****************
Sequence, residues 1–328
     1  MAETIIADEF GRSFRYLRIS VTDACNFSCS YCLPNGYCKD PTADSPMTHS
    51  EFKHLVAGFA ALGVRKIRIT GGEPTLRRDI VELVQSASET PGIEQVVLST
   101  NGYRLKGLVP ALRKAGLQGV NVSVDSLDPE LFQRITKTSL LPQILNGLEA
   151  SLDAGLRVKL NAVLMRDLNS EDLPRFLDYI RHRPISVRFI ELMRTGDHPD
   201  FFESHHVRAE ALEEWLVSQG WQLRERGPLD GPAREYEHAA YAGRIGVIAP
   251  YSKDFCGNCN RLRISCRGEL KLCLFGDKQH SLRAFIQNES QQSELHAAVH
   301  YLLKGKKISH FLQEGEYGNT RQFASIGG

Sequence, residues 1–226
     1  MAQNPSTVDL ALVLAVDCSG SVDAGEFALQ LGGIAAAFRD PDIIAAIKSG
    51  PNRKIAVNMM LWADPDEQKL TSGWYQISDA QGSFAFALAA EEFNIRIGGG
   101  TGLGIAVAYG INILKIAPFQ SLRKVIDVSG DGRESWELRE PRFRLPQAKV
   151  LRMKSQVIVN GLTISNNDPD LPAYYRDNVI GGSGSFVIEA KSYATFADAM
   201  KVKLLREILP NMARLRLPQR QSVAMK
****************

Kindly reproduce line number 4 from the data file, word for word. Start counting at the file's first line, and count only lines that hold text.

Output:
   101  NGYRLKGLVP ALRKAGLQGV NVSVDSLDPE LFQRITKTSL LPQILNGLEA